J. L. BELL is a Massachusetts writer who specializes in (among other things) the start of the American Revolution in and around Boston. He is particularly interested in the experiences of children in 1765-75. He has published scholarly papers and popular articles for both children and adults. He was consultant for an episode of History Detectives, and contributed to a display at Minute Man National Historic Park.

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Thursday, June 30, 2022

Gates, Washington, and the Continental Nurses

In connection with last week’s online event about unpaid and underpaid labor at the siege of Boston, I encountered this statement on the U.S. Army’s website about women in the military:
Shortly after the establishment of the Continental Army on June 14, 1775, Maj. Gen. Horatio Gates reported to Commander-in-Chief George Washington that “the sick suffered much for want of good female Nurses.” Gen. Washington then asked Congress for “a matron to supervise the nurses, bedding, etc.,” and for nurses “to attend the sick and obey the matron’s orders.” A plan was submitted to the Second Continental Congress that provided one nurse for every ten patients and provided “that a matron be allotted to every hundred sick or wounded.”
Though I’d studied Washington’s work in Cambridge in 1775–76, that first quotation was new to me. I’m always interested in more information, so I dug deeper, seeking more definite dates.

Those statements and quotations are echoed in other army webpages and textbooks about the history of nursing. After all, they come from the army itself.

Some of those overviews put Gates’s report on 14 June 1775 instead of “Shortly after” that date. But that timing wouldn’t make sense. As the original passage above states, the Congress created the Continental Army on 14 June—implicitly, by authorizing the recruitment of riflemen from Pennsylvania, Virginia, and Maryland. Washington wasn’t commissioned commander-in-chief for another couple of days.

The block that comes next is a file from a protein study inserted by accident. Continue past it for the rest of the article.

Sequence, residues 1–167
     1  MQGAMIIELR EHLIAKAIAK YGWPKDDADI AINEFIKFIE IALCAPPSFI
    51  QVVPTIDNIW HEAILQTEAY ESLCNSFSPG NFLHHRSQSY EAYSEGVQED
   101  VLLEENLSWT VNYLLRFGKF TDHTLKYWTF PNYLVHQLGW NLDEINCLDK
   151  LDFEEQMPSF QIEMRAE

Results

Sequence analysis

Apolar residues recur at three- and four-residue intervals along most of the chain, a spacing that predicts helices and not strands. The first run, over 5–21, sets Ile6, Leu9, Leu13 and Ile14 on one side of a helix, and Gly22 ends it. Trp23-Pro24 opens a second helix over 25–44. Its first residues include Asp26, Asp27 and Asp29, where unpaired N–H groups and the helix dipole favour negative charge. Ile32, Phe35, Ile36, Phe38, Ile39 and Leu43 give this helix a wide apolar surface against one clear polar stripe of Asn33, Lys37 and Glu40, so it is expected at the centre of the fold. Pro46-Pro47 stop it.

As for Gates (shown above), he learned of his appointment as adjutant general (with the rank of brigadier general) on 21 June, and he reached Cambridge on 9 July. So at what point “Shortly after” 14 June would he have made that quoted statement?

Fortunately, the specificity of the quotations makes it easy to look them up on Founders Online, which includes all known writing to and from George Washington during the war. Gates’s reports to Washington and the commander-in-chief’s requests to the Congress all appear there.

Yet none of the quoted phrases comes up in a Founders Online search.

TOMORROW: Real sources and real dates.

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